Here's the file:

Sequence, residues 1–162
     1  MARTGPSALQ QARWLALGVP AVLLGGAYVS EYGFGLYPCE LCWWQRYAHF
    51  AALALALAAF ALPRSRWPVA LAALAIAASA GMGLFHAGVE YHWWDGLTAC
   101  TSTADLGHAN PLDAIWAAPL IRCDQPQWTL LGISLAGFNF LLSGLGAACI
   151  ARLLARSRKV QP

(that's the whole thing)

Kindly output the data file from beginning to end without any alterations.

Sequence, residues 1–162
     1  MARTGPSALQ QARWLALGVP AVLLGGAYVS EYGFGLYPCE LCWWQRYAHF
    51  AALALALAAF ALPRSRWPVA LAALAIAASA GMGLFHAGVE YHWWDGLTAC
   101  TSTADLGHAN PLDAIWAAPL IRCDQPQWTL LGISLAGFNF LLSGLGAACI
   151  ARLLARSRKV QP